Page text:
How to Make Your Finances Healthy

Physical health and “financial health” may be an odd combination but reality tells us some odd things which are necessary for your survival and success. Learn the different ways towards financial health, from budgeting, to saving to everything else on finances straight from financial experts.

  • Emergency Funds, Start One, Grow One

No emergency funds? Now is a good time to start. Got emergency funds? Now is good time to make it grow. Saving on emergency funds even if you just allot a small amount is very important. According to blogger Jim Wang, ensuring an adequately funded emergency fund is the most important thing someone could do for their financial lives. Due to the high rates of unemployment, financial experts advise people to have an emergency fund that can supply their needs for 6 months, and if you can, stock for a year, especially if your job is in jeopardy.

This move prevents you from liquidating your retirement funds or relying on credit cards. Trying to supply your finances during an emergency with your credit card could lead you to the path of debt. Have an emergency fund, save on it and make sure it is separated from the accounts you use every day.

 Healthy Finances

  • Pay Credit Card Debts with Existent Savings

This is the suggestion of Cornell University’s psychology professor Tom Gilovich. Credit card annual percentage rates average about 15%; people with credit cards actually pay more in interest. The solution is to pay off the debts with any savings.

  • Allot 10% of your Income for Retirement

10% of your income should be targeted towards retirement, regardless of the amount you are earning. The sooner you get started on this, the more wealth you will build. Let’s say you started at age of 25 and your savings in a tax deferred account totaled at $5000 in a year, and you’ve earned a 6% rate of return, by the time you turn 65 that would already amount to $773, 809. That doesn’t mean to say older workers don’t have the same chance, they still do, they just have to make their retirement plans aggressive. Saving $15,000 per year for 15 years and saving it in a tax deferred account would still give a $349, 139 by the time of retirement.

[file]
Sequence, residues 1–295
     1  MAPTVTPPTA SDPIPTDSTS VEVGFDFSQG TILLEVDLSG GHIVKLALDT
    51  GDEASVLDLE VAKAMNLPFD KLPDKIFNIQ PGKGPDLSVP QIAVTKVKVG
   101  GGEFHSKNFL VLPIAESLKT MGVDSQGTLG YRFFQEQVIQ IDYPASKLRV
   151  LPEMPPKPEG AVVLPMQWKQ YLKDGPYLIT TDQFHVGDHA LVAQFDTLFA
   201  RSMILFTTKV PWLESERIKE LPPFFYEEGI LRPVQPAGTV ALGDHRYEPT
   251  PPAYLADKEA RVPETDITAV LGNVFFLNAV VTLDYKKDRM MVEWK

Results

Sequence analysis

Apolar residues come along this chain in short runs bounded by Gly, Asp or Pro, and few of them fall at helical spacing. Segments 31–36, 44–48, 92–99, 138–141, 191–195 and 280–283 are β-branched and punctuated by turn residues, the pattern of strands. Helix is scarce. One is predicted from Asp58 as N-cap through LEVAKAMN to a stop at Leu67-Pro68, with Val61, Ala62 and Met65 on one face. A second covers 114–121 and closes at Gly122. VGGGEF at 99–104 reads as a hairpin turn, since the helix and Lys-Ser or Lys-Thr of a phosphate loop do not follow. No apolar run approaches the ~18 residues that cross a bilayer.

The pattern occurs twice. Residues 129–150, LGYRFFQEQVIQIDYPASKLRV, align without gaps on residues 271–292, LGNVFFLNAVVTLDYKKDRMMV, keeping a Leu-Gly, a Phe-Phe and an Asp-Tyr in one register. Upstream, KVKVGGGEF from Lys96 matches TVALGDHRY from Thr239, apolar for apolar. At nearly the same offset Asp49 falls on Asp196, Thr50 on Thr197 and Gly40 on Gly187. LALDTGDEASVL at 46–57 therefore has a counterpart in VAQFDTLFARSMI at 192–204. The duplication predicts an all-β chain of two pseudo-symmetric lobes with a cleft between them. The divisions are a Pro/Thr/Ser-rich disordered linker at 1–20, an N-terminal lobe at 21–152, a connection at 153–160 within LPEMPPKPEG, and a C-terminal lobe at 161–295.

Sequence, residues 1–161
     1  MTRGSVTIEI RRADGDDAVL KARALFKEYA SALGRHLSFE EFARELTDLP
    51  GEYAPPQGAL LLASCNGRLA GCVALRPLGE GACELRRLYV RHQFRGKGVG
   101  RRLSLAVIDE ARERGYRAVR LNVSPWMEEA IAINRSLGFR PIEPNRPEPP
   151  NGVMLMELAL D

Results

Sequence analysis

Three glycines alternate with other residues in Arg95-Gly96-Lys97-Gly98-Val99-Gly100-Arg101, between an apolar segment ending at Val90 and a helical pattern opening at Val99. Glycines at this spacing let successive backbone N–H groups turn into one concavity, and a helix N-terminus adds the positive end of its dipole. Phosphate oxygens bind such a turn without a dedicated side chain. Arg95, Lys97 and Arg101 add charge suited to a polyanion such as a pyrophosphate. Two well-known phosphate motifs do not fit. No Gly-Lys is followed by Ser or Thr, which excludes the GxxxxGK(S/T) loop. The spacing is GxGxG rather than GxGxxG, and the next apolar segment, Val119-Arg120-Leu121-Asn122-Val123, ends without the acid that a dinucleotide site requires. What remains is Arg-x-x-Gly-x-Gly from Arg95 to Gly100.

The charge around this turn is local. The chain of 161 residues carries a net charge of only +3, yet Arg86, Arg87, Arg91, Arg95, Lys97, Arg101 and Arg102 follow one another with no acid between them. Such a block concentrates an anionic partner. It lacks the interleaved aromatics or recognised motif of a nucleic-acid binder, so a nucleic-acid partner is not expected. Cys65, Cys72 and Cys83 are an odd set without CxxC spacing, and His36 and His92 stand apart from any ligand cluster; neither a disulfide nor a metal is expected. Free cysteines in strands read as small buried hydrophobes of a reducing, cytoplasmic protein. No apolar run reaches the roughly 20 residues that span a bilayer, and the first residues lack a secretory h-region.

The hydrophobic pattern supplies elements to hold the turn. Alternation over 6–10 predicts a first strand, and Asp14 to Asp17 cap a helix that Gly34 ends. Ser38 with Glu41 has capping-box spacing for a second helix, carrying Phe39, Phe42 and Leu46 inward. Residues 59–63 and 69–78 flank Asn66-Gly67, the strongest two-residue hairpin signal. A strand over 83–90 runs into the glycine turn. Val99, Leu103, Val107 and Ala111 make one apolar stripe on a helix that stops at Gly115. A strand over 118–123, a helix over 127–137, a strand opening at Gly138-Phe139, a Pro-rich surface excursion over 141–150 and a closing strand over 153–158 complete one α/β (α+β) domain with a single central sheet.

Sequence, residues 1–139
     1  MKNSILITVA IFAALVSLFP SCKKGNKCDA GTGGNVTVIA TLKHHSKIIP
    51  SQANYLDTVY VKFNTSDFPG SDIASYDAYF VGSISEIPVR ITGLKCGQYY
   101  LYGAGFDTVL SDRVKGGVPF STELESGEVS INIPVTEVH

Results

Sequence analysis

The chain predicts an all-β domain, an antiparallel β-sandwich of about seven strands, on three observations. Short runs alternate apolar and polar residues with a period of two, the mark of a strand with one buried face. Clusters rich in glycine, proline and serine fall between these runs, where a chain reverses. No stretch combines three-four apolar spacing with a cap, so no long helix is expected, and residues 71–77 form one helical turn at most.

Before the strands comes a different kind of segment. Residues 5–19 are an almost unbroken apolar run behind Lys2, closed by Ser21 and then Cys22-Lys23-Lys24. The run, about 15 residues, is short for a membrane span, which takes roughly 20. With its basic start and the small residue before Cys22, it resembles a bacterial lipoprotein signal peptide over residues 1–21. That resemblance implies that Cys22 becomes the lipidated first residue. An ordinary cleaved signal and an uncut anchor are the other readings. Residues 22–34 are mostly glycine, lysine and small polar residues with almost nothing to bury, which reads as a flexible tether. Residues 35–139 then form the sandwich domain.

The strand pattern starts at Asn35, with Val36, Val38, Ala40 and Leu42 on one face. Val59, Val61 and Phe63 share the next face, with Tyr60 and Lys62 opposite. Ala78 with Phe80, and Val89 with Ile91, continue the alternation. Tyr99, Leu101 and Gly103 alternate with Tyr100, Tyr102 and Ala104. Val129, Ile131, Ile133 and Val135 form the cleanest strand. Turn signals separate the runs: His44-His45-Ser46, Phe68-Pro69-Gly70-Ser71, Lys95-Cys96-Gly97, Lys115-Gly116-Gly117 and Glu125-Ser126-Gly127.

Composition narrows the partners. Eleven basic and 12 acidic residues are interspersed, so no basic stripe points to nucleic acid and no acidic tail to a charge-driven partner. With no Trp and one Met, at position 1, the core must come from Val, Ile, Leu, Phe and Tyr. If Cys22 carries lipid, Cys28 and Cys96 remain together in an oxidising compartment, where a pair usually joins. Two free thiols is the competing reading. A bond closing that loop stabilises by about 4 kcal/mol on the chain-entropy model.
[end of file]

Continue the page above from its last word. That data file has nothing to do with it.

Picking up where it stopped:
• Make Sure Mortgages are paid before Retirement

Behavioral Economist at University of Chicago reveals that the terms for mortgages should not exceed the number of years planned for working. After retirement, one’s income is expected to drop, but the cost of living will not, so eliminate monthly mortgages so that the expenses will be adjusted to the drop in income. During this time, health expenses are also expected to rise, when monthly mortgages are eliminated, then the budget could be allotted to more important things such as health.

During this time, loans should be taken in careful consideration. Different kinds of loans (personal loans, text loans, etc.) must be carefully studied.

  • Track Where the Money Goes

Another important thing is to track where the money goes, in other words your “spending”. Taking time to record or write where the money is spent gives you a clear picture of where your money goes. This allows you to prioritize and control your budget.

It is a basic idea but in a survey done by the NFCC, it was reported that 20% of the respondents didn’t know how much they spent on housing, entertainment and food. Some experts believe people are afraid to know the areas they need to cut back on; simply because they don’t want to cut back on that area.

The author of this article on finance is Martha Winters, a writer of numerous articles on finance and business. Martha particularly writes on loans such as text loans, personal loans, business loans, etc offering guidance to readers on how they can effectively manage their finances.


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